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There are 4 proposed amendments to the TN Constitution on the November ballot. Here's what voters need to know

What are the proposed amendments, and how do they get passed?
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MEMPHIS, Tenn. — As the November General Election rolls around, voters in Tennessee should be aware of four proposed state Constitutional amendments which will be on the ballot.

The Nov. 8 election will include the race for Tennessee governor, the U.S. House of Representatives, and other offices in different counties, as well as the amendments.

For a Constitutional amendment, voters will choose Yes or No. Yes means a voter supports the amendment and wants to adopt the changes to the state Constitution. No means a voter wants to keep the Constitution as is and does not support changing the language.

Proposed Constitutional Amendments

The four proposed amendments are:

  • An amendment to Article XI regarding the right to work
  • An amendment to Article II and Article III about the exercise of the powers and duties of the Governor during disability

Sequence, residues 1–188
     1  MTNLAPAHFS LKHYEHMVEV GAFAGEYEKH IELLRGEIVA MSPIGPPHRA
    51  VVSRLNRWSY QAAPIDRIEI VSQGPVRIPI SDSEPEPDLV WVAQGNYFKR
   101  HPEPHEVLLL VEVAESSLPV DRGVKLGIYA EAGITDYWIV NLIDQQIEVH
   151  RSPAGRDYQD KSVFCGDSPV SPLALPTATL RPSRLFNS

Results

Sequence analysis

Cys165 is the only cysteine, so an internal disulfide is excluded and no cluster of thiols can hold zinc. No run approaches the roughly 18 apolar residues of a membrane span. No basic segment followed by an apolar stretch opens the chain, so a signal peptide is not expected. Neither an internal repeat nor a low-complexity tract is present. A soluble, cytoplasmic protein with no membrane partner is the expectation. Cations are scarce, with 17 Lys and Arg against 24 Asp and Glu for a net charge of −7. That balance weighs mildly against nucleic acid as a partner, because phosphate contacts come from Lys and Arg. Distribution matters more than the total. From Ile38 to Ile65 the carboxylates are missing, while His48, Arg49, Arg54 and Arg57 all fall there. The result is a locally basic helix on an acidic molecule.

• An amendment to Article I, Section 33 to prohibiting slavery and involuntary servitude
  • An amendment to Article IX about disqualifications

Learn more about each of these amendments and read the exact language at https://sos.tn.gov/amendments.

How are amendments passed?

For an amendment to pass and become part of the Tennessee Constitution, two things must happen. There must be more Yes votes than No votes supporting the amendment. And the number of Yes votes must equal a majority of the total votes in the gubernatorial election.

Explanation from the Secretary of State’s Office: “To determine the number of votes needed to adopt a proposed Constitutional amendment, votes for all candidates for governor are added together and then divided by two. If there are more yes votes than no votes on the proposed amendment and the number of yes votes exceeds 50% +1 of the total votes for governor, the amendment passes and becomes part of the Constitution. The Constitutional amendment fails if the number of yes votes does not meet or exceed the threshold, or if there are more no votes than yes votes.”

Why it's important

"Tennessee voters need to be aware of the proposed Constitutional amendments on the ballot," said Secretary of State Tre Hargett in a news release. "Voters can view the exact ballot language on our website in order to be prepared to make informed voting decisions."

For more on the upcoming General Election in Tennessee, go to https://sos.tn.gov/govotetn.

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